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As I Was Saying is a forum for a variety of perspectives to foster faith-related conversations among our readers with the goal of mutual learning, even in disagreement. Apart from articles written by editorial staff, these perspectives do not necessarily reflect the views of The Banner.

Denominations are out. Southern Baptist, United Methodist, Wesleyan, or Christian Reformed – all are going out of style. In 2023, nearly all denominations are in decline, with only a couple of exceptions. Fast-rising are independent nondenominational churches. When the U.S. Religion Census results were released last November, the “nons” had skyrocketed in the last decade, nearly doubling from 12,241,329 in 2010 to 21,095,641 in 2020. If nondenominational churches were a single denomination, they would be the largest Protestant group in the United States. 

Religious demographers are declaring that the future of American Christianity is nondenominational. Meanwhile, “Christian Reformed” and “Wesleyan” continue to drop from the names of local churches. New technologies have developed new ways of life that create new levels of independence. As Ryan Burge put it, “We used to be a nation of institutions. The government, unions, and religious denominations were held in high regard by the average American. Now, American society is largely bottom up. It’s not institutions that run the show, it’s individuals. Society has demolished the gatekeepers. Social media allows anyone with an internet connection to build a following in the tens of thousands in mere days.” 

It’s not difficult to understand the reasons. Who wants to be tied down by a large conglomeration of churches with a straitjacket of traditions and rules when you can have an independent church with nothing to tie it down? Nondenominational churches are newer, looking to the future more than the past. They are flexible and adaptable to reach their communities. They are typically more diverse politically and racially. Would it be better to toss denominations into the ash heap of history? 

I don’t think so. Here are a number of reasons to keep denominations:


Everyone has DNA they inherited from birth parents. Everyone has a spiritual DNA from those who discipled them. Someone taught us to read the Bible, to pray, to love our neighbors, and to resist sin. Someone taught us to notice covenants or dispensations in the arc of Scripture. Someone taught us that our clothing or entertainment choices need to be somehow distinct as Christians. 

These parents, pastors, teachers and neighbors have a way of understanding Scripture in its entirety and following what is said there. Some stress the Sermon on the Mount and refuse to use violence for any reason. Others stress Romans and how salvation is by grace. Some stress the book of Acts and will speak in tongues. Others stress the Ten Commandments and observe Saturday as the Sabbath. Everyone comes from somewhere.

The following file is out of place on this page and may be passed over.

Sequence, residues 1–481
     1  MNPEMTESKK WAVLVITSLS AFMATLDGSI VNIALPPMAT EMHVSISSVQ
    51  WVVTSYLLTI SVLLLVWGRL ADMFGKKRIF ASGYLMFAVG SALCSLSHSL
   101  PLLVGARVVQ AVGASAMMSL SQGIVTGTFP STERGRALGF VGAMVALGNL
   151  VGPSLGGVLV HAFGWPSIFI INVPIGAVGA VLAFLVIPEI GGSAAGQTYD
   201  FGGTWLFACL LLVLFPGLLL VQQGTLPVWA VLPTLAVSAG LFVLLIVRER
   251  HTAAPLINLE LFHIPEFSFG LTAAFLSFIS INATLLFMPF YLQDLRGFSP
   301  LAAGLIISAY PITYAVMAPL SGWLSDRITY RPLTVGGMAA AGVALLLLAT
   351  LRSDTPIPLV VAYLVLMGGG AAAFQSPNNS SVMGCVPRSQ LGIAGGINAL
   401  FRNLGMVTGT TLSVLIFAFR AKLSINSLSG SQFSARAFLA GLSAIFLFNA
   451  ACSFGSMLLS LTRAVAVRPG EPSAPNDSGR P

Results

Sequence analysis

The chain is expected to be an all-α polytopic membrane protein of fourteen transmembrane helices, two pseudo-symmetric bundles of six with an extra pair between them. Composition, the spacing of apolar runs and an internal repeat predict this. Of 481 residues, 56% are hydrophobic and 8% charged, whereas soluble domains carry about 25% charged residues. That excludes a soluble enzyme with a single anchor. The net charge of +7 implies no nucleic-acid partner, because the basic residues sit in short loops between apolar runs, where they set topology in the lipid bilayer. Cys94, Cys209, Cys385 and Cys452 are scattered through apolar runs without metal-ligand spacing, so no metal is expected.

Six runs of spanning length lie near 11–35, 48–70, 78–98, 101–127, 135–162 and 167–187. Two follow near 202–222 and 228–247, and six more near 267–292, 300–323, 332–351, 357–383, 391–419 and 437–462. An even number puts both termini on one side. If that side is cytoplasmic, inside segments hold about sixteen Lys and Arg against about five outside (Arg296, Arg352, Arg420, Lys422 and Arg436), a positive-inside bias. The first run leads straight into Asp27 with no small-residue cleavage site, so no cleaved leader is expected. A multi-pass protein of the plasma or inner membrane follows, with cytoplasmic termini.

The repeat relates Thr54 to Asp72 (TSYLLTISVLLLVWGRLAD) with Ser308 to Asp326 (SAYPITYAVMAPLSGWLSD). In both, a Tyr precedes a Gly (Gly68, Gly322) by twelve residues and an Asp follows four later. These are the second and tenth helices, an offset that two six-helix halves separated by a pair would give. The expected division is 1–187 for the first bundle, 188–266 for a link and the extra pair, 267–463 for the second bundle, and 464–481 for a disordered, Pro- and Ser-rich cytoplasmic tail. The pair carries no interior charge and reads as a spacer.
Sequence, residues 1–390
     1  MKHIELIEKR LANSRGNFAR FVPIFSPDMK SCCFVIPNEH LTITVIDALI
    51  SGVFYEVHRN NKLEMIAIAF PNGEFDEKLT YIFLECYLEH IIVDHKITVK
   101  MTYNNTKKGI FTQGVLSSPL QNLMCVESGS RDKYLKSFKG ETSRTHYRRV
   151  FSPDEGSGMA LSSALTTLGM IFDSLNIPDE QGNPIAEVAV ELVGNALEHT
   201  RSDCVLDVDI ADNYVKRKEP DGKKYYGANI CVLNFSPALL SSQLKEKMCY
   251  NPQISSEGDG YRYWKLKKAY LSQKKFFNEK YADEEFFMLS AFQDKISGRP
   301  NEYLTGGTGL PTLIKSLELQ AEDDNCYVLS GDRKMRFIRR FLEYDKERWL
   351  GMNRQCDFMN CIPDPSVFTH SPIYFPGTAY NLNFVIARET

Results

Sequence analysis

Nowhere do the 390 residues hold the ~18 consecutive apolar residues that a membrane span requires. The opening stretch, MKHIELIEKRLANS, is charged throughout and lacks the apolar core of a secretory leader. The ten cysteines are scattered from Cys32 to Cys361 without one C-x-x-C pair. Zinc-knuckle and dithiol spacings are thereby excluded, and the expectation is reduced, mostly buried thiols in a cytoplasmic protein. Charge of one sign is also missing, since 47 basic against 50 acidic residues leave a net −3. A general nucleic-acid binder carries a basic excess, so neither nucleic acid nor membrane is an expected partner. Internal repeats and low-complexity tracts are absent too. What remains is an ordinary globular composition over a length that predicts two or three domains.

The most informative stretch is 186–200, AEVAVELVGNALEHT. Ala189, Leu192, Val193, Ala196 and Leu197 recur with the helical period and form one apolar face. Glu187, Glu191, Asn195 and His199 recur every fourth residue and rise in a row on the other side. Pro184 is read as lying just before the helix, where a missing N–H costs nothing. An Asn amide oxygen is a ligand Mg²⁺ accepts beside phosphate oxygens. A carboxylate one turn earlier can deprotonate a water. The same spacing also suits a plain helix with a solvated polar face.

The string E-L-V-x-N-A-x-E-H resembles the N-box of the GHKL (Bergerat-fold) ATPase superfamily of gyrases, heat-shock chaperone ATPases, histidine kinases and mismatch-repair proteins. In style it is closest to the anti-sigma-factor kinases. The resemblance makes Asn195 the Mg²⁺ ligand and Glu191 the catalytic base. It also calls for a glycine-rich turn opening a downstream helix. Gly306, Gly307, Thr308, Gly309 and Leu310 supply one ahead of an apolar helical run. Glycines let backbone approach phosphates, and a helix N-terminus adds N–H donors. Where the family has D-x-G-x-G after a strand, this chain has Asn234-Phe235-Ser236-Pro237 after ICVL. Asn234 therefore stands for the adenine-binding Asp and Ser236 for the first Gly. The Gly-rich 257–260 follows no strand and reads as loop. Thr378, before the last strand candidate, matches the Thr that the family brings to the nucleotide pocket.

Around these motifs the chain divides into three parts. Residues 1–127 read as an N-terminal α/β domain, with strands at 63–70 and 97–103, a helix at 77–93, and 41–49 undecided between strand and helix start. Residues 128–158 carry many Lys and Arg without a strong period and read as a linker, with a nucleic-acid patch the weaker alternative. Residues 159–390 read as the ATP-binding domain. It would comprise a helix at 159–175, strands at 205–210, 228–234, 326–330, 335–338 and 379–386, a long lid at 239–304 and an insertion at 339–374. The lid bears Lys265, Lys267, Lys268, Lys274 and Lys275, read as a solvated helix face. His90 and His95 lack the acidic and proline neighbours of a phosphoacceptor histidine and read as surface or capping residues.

Denominations have a heritage rooted in the historical church. Anglicans have the Book of Common Prayer. Lutherans have the Book of Concord. The Reformed tradition has the Three Forms of Unity and Westminster Standards. Each of these foundational documents grounds an understanding of Scripture in a legacy shaped by believers from many times and places. It holds back opportunistic uses of Scripture that might otherwise be persuasive. 

We need the historic, worldwide church to interpret the Bible. Without recognizing the entire body of Christ, we might lose connection with the head, from whom the whole body, supported and held together by its ligaments and sinews, grows as God causes it to grow (Colossians 2:19). The Bible speaks of a single body of all believers, not many bodies of Christ loosely connected to one another. “There is one body and one Spirit,”  according to Ephesians 4:4. 

Many today treat different Christian traditions as a buffet, taking some of each and becoming a hybrid. This follows the individualism of our current time. The unfortunate result of buffet-style spirituality is being theological orphans, an entity unto ourselves. Each theological heritage that has stood the test of time has developed a cohesively consistent understanding of Scripture that is not a lopsided mess of convenient but conflicting propositions. 

Denominations ground us in a theological heritage. We certainly can learn from other Christian traditions and appreciate where they might excel, but the sets of beliefs and practices handed down over the ages have refined their conflicting loose ends and have survived for a reason. This disconnect from the broader body of Christ is probably why nondenominational pastors were most likely to report fear about the future of Christianity in the United States and around the world.